When China’s leader, Xi Jinping, visited the U.S. in late September, he gave a speech to a VIP business crowd in Seattle in which he repeated his favorite trope, the “Chinese Dream,” and claimed that it paralleled the American Dream. That may have helped his audience identify with him. But the truth is that the Chinese Dream, in Xi’s conceptualization, differs from many others, including the American one.
Xi’s Chinese Dream is protean. He associates it with different things at different times in different places. At its core, though, is a vision of national rejuvenation. Xi makes no secret of wanting to see China assume a position of international centrality, as well as to see it modernize while revering its classical traditions.
He is deeply concerned with presenting the Chinese Communist Party (CCP) as completing, under his watch, a surge to global prominence and strength that had its roots in the founding of the People’s Republic in 1949 under Mao Zedong, then stalled, only to undergo a rebirth 30 years later under Deng Xiaoping. In the story the CCP tells, which is partly rooted in facts but given hyperbolic and nationalistic twists, from the 1840s to the 1940s China experienced a century of humiliation, the memory of which still stings and should serve as a reminder to all of what should never happen again. As textbooks, newscasts, speeches and documentary films reiterate, in those decades, China was laid low. Once independent, it was bullied by other countries. Once rich, it became poor. Once a place that Western thinkers like Voltaire admired for its inventions and ideas, it became a place that forgot its traditions and only sought answers in foreign creeds.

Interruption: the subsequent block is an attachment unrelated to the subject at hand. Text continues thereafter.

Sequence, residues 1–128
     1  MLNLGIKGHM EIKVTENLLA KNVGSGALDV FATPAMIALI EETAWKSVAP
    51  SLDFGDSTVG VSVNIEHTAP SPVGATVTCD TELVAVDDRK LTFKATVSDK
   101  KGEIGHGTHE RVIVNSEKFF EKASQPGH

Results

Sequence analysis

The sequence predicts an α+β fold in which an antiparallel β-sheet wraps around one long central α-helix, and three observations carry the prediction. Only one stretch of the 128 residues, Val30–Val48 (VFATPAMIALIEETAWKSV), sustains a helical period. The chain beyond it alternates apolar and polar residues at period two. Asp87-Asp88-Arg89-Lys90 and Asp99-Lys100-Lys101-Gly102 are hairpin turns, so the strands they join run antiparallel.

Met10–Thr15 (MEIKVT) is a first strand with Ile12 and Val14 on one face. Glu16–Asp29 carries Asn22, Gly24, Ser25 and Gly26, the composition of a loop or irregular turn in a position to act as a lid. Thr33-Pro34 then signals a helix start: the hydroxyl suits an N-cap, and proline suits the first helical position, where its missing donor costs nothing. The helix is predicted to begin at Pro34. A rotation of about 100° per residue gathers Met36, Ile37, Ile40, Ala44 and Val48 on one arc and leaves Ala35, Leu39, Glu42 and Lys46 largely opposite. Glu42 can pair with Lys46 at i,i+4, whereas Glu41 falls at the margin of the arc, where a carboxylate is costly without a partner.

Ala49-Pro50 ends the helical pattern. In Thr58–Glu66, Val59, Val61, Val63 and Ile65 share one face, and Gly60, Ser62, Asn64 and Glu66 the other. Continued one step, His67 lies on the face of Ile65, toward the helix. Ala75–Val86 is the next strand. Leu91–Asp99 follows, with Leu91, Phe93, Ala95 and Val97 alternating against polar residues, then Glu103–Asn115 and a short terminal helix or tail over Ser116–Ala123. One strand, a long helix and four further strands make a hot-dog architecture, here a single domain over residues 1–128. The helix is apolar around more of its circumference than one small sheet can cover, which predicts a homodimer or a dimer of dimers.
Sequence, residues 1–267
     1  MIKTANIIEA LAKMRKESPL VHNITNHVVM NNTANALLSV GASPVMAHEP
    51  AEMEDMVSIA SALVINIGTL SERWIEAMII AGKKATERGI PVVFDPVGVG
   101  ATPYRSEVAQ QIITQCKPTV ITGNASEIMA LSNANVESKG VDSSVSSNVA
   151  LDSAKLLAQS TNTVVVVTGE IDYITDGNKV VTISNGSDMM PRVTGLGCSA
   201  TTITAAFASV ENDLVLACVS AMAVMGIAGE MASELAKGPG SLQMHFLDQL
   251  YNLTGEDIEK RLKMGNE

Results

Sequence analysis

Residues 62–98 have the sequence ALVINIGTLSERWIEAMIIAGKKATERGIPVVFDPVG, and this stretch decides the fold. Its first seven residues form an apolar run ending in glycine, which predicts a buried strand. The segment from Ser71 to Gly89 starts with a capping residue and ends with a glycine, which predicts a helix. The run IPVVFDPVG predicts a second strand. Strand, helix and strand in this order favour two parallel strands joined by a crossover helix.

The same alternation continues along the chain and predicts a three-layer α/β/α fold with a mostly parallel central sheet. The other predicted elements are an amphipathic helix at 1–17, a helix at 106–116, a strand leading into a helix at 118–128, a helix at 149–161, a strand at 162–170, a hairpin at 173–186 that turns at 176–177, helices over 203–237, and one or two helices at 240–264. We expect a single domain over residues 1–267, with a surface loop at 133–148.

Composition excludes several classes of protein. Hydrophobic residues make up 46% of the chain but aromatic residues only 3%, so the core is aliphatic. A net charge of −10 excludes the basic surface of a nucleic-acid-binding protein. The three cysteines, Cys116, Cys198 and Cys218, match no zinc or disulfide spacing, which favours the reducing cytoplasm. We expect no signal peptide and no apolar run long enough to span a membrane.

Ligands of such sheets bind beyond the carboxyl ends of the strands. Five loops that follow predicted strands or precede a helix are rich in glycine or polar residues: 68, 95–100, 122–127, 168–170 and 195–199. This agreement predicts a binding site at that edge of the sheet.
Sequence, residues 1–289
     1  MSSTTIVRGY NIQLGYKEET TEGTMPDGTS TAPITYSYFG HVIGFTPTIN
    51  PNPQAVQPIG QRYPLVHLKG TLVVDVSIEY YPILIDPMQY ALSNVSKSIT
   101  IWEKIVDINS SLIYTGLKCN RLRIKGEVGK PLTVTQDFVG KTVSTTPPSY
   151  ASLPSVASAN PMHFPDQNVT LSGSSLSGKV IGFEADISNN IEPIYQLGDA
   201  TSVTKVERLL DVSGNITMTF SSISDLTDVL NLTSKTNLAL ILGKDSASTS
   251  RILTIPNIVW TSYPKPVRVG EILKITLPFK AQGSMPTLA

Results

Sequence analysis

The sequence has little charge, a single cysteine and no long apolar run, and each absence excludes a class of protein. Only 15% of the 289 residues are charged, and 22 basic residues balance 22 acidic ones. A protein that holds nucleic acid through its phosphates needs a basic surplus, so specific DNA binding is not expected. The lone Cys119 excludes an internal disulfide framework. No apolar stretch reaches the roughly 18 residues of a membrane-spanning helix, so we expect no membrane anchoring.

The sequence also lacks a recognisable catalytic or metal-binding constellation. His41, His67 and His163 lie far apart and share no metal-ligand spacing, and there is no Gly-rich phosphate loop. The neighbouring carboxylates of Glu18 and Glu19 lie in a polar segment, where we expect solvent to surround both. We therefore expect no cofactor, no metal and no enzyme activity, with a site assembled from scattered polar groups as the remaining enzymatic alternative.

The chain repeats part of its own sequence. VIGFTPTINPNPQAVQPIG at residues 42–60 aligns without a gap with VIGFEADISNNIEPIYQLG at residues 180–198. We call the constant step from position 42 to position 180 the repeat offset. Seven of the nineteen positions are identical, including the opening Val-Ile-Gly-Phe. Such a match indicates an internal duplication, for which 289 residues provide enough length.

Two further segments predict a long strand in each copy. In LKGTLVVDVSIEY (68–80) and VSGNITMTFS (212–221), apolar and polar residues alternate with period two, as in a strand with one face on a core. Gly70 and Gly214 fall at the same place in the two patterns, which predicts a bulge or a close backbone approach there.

Mao, in this tale, made China independent again. Deng oversaw an economic recovery. His successors kept improving living conditions and rekindled a sense of pride in China’s ancient thinkers and past glories. The opening ceremony of the 2008 Beijing Olympics, which began with a quote by Confucius and ended with images of moon shots, provided a powerful visual sense of a national revival. Xi then took charge and summed it up with talk of a dream coming true under a powerful government’s firm guidance. Dream talk is now accompanied by images of a China that is high tech and modern (cue the footage of glistening fast trains), yet in touch with its past (cue the footage of statues of Confucius).
The American Dream, while also far from uniform, has a different center of gravity. At its core are tales of individuals and families bettering their situations through their own efforts. The kind of clinging to traditions and strengthening of the state that Xi extols is sometimes seen as more likely to prevent rather than aid U.S. Dreamers.
True, Xi sometimes refers, as he did in Seattle, to individual and family betterment being part of the Chinese Dream. But he presents the state as a natural ally and a crucial facilitator of this process—something that is reinforced whenever reference is made to the CCP lifting millions out of poverty, rather than emphasizing that poor people worked to pull themselves out of it. In contrast, for Americans to pursue their dream, the government may need to get out of their way.